HAMPTON, Va. - A local Hampton community is suing its developer over claims that homeowners are being overcharged for cable and internet services.
The homeowners of H2O by Chesapeake Homes, near the Hampton Coliseum, say they are within their legal rights to terminate the existing communications agreement, which is forcing them to pay more than double.
"It's not right. We need to stand up and do something," says Moscoe Gardner, a homeowner and the President of H2O's HOA.
To understand the structure of the community and why the lawsuit has been filed, News 3 turned to the homeowner's contract.
Sandler at Coliseum Central LLC., built the H2O community in 2008. They then created a separate company: Coliseum Central Infrastructure Management, also called CCIM.
Subsequently, CCIM is controlled by the developer, Sandler, which according to documents was established to provide communication services to homeowners; i.e., cable and internet.
Outlined in the contract, homeowners pay CCIM and CCIM pays the company providing the service. In this case, the company providing service is Cox.
"Now the big problem is CCIM has been charging fees for these communication services about and in some cases, more than double the actual costs of what those services would be if the owners just called up Cox," said William Sleeth III with the law firm Gordon & Rees.
Attorney, William Sleeth, is representing the homeowners in litigation.
According to court filings, residents are being charged $181 per unit for communication services when Cox basic services only cost $74.98. CCIM is also requiring the Association to pay $76.02 per unit in "processing fees" and "taxes and regulatory fees."
"It's just not right this that a big developer, a major company. It's taken so much advantage of regular hard working everyday people," Gardner says.
Sleeth argues that more than $100 difference is going to CCIM.
"Essentially, what happened is the developer created a corporate structure where they can line their own pockets on the backs of the homeowners," he says.
Court documents show the agreement was put in place in 2008 when H2O was still under the control of Sandler's HOA board of directors.
However, just recently, that arrangement ended and the community could appoint its own board.
"The law says that when the transition of control of the board of directors happens, there's a very narrow window in which the new owner-elected board can make the decision to terminate certain contracts that were put in place by the developer-controlled board," Sleeth says.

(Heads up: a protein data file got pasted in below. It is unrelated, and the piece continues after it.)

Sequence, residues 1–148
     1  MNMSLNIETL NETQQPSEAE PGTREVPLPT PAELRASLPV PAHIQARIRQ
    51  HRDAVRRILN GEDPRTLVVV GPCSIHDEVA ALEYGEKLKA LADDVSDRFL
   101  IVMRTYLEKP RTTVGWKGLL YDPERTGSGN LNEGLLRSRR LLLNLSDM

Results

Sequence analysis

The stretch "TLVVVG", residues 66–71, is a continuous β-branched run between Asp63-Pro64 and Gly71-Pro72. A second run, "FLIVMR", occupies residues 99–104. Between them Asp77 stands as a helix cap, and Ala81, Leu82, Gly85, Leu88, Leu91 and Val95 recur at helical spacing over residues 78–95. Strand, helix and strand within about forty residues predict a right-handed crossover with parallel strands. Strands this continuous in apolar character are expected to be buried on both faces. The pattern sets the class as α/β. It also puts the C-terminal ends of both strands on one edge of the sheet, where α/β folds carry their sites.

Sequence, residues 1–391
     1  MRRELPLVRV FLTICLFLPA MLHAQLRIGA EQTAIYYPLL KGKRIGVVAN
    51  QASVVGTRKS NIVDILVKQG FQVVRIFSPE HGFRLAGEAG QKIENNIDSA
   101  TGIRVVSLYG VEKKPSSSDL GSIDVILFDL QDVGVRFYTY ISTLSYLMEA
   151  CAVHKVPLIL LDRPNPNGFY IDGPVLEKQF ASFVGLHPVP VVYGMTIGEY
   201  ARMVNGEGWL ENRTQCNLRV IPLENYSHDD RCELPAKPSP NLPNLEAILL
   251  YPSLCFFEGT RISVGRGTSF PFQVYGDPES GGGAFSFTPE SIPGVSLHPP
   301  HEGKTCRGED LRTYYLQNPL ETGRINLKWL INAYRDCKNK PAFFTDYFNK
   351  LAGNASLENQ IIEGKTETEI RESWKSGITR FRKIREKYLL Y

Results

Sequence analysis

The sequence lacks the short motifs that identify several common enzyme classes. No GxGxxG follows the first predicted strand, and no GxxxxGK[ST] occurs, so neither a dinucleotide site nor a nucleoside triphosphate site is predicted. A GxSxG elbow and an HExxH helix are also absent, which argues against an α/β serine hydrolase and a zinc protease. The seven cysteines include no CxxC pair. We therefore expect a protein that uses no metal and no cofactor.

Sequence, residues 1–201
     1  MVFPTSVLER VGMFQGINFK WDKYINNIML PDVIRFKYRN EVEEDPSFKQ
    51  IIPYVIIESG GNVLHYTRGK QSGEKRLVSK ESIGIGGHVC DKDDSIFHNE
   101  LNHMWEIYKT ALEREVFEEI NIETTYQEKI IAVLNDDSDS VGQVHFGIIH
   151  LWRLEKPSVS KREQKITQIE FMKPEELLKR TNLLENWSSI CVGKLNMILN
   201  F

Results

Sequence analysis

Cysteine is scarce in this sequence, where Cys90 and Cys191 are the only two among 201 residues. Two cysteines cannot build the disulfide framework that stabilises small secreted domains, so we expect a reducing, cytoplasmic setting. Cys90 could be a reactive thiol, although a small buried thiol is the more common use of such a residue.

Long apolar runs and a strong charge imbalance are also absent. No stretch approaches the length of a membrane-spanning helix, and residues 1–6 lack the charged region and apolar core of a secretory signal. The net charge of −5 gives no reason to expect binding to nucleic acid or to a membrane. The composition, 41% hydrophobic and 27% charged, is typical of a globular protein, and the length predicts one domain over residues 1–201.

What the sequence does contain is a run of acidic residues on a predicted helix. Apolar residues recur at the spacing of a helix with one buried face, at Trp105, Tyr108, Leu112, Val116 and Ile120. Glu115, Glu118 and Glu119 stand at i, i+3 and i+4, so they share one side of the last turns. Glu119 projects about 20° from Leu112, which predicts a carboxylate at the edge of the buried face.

Gardner, a homeowner himself and also the President of the HOA, says they were prepared.
"We filed our motion within seven days because we already had everything ready to go. We already had our lawyer in place. As soon as we took everything over and took over, the master association was able to go and try to get rid of this contract," he says.
CCIM on the other hand is saying that the homeowners can't validly terminate the agreement/contract.
In court documents filed in March, the defendants say they're not in default and the communications agreement doesn't expire for years. They claim the HOA has breached the contract and the case should be decided through arbitration rather than open court.
"I think the developers worried that when we show up at the first hearing, in Hampton Circuit Court, you're gonna see hundreds of the homeowners come out in support of the community," says Sleeth.
News 3 reached out to the attorneys representing CCIM and they declined to comment.
When News 3's Erin Miller asked the residents why they're speaking out now, Gardner said, "We want it out in the open. We want people to understand what's going on so that this wouldn't happen to anybody else in the future."
Gardner says there are close to 200 homes in the community and they're all paying the same price.
The most recent documents filed with Hampton Circuit Court come from the homeowners. The HOA is now asking a judge to find the defendants in default. They claim they have not received a proper response from the defendant within 21 days.
"We're just regular everyday people that work every day, military veterans, retired people, just working people and they're making that kind of money off of us," said homeowner Ahmad Wyatt. "They're fighting us tooth and nail you know, just every In a working people - it really bothers me."